"Sincerity," Nathan said without hesitation looking straight at Tanner.

"Benevolence," Josiah continued.

"Courage," Buck whispered.  JD looked at him strangely.

"And strictness," finished Ezra.

“What are you all talking about?” JD said, glancing around at all the men who looked at each other silently surprised.

“The Art of War by Sun Tzo, the oldest military strategist.“ Ezra explained to the young agent. "The discussion, it seems, has turned to literature."

Chris looked furious.  He knew he had just been insulted. "So by everyone's standards I suck at my job," he spat out.  "Is that pretty much it, Vin?"  The sharpshooter stayed silent, happy to finally get someone other than himself riled up. Chris took a step backward into line with the other men. He closed his eyes as he tried to control himself. "This isn't why we came."

Ezra tried his own brand of kindness. He put his hands out as if he was a greedy televangilist waiting for God to drop a stack of Ben Franklins in his awaiting arms. "Agent Tanner please be assured we did not have malicious intentions.”

"What am I supposed to think-they were honorable? 'Honorable,' that's your kind of f***in fancy word." He laughed and pointed at Wilmington. "Buck was going to watch those guys kill me! He was going to put me in a truck with the same men I took down."  Vin didn't know who to blame. Chris, for stupidly handing him over to Buck or Wilmington. At that moment Buck and Eli Guiseppe were tied for the title 'homicidal idiot'. "That would have been 'quite a show,'" Tanner said using the same words Ezra had used moments before. This was getting no where, Vin felt the need to explode and lash out- he really only wanted to know one thing.  He took his hands out of his pockets.  "Do you trust me?"  No one answered right away, Vin exhaled a frustrated breath.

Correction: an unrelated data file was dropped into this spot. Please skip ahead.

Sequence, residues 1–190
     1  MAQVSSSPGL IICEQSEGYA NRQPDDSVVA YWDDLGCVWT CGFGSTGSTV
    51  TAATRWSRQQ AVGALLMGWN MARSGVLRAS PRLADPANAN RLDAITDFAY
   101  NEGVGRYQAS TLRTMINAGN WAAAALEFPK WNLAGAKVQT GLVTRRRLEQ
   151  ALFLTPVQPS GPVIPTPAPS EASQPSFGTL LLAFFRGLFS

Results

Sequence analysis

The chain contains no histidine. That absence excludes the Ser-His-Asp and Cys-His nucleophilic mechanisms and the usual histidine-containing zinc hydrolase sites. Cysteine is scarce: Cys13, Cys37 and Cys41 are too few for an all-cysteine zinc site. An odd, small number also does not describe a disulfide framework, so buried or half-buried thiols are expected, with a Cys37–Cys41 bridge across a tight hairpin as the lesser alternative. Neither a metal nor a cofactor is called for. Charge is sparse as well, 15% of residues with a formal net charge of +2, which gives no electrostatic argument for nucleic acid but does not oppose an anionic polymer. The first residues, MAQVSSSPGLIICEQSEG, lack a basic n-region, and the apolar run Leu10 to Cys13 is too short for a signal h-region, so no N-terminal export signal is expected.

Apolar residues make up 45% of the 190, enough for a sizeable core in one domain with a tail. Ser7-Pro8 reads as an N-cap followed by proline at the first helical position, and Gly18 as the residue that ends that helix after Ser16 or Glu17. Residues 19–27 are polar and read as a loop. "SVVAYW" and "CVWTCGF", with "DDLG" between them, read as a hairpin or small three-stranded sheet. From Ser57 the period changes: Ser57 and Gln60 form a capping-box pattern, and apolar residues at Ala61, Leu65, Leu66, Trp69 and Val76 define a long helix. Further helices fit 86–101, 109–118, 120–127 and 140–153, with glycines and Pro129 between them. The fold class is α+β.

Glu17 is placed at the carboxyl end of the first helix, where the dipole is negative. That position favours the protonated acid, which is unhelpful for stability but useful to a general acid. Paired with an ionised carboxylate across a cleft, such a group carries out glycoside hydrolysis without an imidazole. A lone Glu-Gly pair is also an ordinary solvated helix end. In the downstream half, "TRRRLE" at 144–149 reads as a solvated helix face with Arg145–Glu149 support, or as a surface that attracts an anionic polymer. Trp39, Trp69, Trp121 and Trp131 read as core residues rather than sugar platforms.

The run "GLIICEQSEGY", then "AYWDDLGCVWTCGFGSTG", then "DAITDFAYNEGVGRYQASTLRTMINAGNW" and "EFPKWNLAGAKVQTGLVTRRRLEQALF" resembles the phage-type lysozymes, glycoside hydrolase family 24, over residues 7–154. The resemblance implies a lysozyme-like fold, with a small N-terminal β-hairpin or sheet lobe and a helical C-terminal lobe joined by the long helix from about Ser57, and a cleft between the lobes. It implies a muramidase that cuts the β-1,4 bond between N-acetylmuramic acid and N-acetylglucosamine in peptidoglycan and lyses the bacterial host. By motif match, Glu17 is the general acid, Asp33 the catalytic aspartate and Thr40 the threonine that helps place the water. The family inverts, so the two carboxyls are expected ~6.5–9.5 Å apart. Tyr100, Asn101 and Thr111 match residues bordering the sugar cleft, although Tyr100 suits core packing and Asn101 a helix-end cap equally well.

"Yes, I trust you with my life-hell you saved my life." Nathan finally said. He waited to see if Vin was going to interrupt him. "I just don't know what to say to make you believe it."

Josiah started preaching, "We can't go back in time to change anything, Brother.  I wish we could.  We can ask for a new start though and another chance?" Where were the crows when you needed them to crap on someone.  Another chance?  Vin Tanner was not going to give anyone a second chance. He had learned that lesson –how many times did he change fosters homes before he figured out the foster families could give a  sh** or that the military would hang you out to dry for their own gain.

JD stepped forward and walked to where Vin was standing, "Look Vin I know they suck and they royally screwed up, but they are trying." The rest of the team were going to  give JD a lot of ribbing for sharing those thoughts. Well at least he could say he had saved JD's life-one good thing  had come out of the whole  Cuoco family fiasco.

"Kid, they ain't trying.  They are giving my f***in eulogy." Vin starting walking to the house, past Chris who was about to say something to try and prove he trusted Vin.  It wasn't going to work, on his gravestone he didn't want it to say-'Vin Tanner, a stupid sh** who gave everyone a chance to walk all over him.'